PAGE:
None of the thoughts below are intended to explain the paintings, only to offer a gateway to them. A painting, if it’s any good, is not a description of a thought, like a political cartoon; it is a thought. Nor is it is a description of an experience, like an illustration; it is an experience. When you look at a painting or recall it later you engage its train of thought and have the experience it offers. All the commentary surrounding painting serves the same purpose as Monday-morning quarterbacking: it makes the experience richer and more fun, but it’s not to be confused with the game itself.
Insects and Flowers (the narrative)
I chose this theme because the relationship between insects and flowers encapsulates a great deal of how the world works: harmless, fragile creatures are seduced and preyed upon by rapacious, exoskeletal soldiers of the night. That’s intended as a joke—sort of. Actually, the relationship between the two is infinitely complex and completely interdependent. Together, insects and flowers constitute a complete ecology. If Homo sapiens were swept away tomorrow, so long as insects and flowers remained, the earth would be indifferent. Still, despite our irrelevance, as life forms we’re more like them than different, which means that the world of insects and flowers offers a rich subject to explore, both in its own right and as an emblem of our world (see Kafka). It also offers a fantastical array of forms on which to improvise.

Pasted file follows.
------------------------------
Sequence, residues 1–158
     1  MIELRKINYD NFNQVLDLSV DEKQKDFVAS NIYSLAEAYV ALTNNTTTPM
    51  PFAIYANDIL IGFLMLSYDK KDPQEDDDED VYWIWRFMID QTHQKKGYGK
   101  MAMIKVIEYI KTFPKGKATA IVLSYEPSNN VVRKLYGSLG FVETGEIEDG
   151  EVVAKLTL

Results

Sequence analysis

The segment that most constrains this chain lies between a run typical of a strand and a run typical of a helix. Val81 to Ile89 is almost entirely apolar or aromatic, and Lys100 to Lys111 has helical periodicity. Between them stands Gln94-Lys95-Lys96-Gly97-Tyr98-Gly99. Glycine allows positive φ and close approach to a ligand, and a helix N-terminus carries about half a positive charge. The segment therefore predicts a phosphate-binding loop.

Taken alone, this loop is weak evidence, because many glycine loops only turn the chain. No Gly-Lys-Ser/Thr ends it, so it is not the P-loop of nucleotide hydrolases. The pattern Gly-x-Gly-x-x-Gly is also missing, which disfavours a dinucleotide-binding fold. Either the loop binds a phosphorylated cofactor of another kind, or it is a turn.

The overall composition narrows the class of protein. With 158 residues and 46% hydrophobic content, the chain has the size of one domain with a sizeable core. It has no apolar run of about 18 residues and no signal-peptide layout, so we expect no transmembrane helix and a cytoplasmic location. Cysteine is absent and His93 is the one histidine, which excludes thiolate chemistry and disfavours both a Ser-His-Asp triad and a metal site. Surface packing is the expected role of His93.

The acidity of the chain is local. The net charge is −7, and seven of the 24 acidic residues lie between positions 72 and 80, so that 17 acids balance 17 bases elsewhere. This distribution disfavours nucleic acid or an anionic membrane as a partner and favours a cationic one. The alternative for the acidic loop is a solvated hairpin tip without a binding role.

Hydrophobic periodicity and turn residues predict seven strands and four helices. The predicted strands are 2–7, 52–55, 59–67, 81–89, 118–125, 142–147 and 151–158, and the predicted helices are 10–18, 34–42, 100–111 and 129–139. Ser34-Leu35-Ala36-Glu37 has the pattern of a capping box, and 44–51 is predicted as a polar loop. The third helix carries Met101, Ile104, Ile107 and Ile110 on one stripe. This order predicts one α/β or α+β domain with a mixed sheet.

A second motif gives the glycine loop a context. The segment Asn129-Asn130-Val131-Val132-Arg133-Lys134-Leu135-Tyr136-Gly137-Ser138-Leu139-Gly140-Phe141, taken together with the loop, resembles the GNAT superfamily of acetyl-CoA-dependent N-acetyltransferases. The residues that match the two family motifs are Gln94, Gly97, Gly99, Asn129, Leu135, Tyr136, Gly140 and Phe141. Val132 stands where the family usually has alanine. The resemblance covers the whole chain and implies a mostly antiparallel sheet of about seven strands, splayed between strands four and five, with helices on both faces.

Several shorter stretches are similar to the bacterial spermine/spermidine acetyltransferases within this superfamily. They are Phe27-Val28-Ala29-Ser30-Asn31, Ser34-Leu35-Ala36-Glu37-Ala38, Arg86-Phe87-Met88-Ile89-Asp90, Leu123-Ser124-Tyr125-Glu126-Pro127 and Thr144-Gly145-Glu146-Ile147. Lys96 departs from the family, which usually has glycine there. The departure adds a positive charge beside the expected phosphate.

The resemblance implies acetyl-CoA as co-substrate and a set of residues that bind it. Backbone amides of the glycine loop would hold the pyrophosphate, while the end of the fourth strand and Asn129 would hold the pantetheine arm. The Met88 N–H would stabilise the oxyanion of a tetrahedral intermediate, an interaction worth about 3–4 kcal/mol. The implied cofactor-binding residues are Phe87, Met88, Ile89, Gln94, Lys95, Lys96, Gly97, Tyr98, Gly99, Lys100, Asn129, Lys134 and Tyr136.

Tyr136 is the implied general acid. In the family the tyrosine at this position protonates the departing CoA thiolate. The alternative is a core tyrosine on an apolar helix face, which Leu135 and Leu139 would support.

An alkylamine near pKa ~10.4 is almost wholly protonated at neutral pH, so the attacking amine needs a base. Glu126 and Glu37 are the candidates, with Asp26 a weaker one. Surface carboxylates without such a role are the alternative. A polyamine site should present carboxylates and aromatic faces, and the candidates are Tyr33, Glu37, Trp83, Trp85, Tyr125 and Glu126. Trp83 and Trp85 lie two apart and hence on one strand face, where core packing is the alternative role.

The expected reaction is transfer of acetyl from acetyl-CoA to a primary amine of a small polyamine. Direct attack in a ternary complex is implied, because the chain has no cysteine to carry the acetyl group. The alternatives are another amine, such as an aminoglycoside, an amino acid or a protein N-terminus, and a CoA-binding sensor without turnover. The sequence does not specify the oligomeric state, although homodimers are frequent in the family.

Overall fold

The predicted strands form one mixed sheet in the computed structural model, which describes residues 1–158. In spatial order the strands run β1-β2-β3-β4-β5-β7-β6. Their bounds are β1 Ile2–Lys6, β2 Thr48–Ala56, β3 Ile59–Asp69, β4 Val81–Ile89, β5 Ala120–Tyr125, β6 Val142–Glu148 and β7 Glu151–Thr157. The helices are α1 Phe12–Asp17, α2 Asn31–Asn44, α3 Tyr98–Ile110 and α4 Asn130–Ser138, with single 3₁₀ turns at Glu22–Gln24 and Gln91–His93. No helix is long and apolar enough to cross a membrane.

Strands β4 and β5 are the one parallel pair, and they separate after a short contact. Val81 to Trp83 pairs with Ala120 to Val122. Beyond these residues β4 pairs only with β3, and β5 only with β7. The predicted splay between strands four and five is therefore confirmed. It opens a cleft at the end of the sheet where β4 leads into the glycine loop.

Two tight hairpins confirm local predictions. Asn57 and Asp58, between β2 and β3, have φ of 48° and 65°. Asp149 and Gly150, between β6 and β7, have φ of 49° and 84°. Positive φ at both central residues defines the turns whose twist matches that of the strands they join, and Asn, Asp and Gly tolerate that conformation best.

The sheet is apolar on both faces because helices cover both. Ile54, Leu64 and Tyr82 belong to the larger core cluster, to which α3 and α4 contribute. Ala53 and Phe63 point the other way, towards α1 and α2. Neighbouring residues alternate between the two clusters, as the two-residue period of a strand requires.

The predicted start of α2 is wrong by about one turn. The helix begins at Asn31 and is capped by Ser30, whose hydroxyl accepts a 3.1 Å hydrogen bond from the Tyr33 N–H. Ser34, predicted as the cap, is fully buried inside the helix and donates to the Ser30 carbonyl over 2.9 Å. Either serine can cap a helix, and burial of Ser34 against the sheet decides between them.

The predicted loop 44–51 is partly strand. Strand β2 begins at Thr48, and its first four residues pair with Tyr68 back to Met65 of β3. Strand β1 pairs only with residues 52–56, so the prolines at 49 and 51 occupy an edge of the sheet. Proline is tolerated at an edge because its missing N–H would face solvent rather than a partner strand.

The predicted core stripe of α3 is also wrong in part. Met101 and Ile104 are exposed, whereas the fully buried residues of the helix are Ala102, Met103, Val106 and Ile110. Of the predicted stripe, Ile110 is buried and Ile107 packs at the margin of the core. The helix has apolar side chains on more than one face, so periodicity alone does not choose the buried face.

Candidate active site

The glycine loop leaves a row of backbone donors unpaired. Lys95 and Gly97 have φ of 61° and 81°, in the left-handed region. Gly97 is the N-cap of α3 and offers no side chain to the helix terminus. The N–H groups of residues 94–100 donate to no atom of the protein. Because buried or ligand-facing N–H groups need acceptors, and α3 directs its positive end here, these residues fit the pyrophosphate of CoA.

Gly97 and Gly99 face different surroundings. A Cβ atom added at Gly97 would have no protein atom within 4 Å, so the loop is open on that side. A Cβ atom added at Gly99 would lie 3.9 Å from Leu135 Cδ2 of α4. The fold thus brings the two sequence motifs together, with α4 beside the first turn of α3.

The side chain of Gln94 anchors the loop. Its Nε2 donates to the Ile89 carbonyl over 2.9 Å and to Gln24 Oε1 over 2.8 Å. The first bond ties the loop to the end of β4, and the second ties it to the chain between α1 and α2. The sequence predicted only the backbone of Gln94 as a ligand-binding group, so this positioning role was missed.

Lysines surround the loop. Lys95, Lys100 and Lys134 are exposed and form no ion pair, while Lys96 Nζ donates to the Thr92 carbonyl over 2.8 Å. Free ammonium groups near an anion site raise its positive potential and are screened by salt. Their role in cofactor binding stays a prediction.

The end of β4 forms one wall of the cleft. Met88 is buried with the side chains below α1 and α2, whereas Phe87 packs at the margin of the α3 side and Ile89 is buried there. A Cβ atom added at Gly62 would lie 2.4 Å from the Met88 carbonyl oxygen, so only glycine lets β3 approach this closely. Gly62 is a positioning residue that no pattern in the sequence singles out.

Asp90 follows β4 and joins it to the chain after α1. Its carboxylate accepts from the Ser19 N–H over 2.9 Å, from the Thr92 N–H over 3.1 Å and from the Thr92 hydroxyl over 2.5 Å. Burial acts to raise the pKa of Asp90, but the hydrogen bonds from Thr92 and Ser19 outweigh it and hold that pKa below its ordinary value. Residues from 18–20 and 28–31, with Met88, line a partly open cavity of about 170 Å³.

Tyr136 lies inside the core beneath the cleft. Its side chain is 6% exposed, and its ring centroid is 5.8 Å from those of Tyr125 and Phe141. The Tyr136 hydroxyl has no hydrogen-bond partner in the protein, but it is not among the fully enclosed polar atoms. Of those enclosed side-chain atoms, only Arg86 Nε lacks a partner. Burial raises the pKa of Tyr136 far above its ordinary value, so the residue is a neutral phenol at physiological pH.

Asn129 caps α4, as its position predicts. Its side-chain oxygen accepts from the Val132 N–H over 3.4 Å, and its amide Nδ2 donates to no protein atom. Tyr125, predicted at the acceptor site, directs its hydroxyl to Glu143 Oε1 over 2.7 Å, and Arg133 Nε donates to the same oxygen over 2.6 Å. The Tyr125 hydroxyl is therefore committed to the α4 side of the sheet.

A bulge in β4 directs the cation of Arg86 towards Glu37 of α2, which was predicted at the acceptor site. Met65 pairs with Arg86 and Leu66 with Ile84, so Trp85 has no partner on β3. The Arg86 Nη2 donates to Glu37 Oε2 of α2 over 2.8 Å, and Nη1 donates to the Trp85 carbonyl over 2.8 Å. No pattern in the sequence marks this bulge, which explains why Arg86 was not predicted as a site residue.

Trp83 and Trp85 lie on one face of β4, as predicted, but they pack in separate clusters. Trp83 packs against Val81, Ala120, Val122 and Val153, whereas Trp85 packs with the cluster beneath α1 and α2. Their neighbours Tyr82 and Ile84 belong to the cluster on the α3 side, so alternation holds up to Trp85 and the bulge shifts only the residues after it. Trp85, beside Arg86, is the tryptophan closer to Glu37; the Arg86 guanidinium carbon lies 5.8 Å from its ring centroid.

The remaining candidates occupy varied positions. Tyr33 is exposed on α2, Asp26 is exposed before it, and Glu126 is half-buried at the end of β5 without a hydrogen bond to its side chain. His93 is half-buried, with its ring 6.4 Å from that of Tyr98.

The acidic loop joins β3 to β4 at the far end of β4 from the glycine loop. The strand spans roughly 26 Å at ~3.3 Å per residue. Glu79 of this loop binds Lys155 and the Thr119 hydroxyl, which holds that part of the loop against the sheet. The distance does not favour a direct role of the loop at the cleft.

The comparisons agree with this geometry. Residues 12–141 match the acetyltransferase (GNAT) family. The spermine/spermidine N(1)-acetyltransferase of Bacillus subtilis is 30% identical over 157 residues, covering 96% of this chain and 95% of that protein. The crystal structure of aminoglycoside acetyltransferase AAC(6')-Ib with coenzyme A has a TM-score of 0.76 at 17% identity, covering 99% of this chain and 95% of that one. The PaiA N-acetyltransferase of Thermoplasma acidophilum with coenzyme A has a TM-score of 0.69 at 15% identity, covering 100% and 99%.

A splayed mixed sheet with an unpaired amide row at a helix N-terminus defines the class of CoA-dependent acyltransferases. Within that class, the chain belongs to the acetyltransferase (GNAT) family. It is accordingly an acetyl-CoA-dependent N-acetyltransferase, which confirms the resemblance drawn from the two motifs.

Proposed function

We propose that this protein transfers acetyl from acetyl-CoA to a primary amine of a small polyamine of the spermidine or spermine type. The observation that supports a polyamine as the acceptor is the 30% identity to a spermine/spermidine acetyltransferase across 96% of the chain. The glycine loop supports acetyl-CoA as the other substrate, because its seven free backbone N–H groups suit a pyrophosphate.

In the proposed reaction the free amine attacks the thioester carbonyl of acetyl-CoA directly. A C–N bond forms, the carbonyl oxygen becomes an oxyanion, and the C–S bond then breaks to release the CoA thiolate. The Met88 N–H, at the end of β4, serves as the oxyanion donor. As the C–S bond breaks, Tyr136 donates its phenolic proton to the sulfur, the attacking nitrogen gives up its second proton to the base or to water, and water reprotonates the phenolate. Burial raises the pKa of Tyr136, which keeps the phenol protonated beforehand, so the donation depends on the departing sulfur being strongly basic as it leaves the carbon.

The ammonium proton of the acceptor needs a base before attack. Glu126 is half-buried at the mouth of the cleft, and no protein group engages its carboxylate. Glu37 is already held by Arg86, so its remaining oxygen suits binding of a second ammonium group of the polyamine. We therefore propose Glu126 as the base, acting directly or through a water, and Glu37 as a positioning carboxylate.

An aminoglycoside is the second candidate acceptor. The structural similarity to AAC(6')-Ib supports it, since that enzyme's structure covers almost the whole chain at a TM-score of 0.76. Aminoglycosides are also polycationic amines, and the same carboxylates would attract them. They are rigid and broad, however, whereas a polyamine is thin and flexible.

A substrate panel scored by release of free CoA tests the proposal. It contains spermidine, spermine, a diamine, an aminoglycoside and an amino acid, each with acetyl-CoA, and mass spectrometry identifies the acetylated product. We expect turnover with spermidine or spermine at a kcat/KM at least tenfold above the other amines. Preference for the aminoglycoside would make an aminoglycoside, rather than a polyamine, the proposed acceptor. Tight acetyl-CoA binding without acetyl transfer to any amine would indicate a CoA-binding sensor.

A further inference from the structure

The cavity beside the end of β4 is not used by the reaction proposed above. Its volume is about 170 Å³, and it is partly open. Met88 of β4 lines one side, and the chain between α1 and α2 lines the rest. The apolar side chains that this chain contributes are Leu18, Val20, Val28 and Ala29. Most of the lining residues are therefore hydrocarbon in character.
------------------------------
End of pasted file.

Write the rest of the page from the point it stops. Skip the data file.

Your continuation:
Insects and Flowers (the forms)
The forms in these paintings, including the marks and the things they suggest, allude to many sources, but they all derive from one perception: that created forms result from the same interaction of forces as natural forms. The role of generating intention played by DNA in organic forms and by the forces of weather and geology in inorganic forms is played by the artist’s will in created forms. But all forms, whether created by natural process or human intention, are subject to physics—gravity, the behavior of materials, the speed of an action. When I make a mark, depending on whether it’s a spiral or a straight line, its course is determined by a combination of my intention, the length of my arm, the material I’m drawing with, etc. And any mark I make will resemble other forms in the world—if it’s a spiral, the forms as they accumulate may suggest insects and flowers, if it’s a set of straight lines, architecture, crystal, rock. But underneath superficial differences of appearance and association all possible forms are linked by being rooted in the physical conditions in which they are produced. Once the forms are visible, material objects independent of the artist’s intention, they pass again from the material world into the realm of imagination, taking on a new life in the minds of those who view them. I think that process is strange and wonderful to contemplate.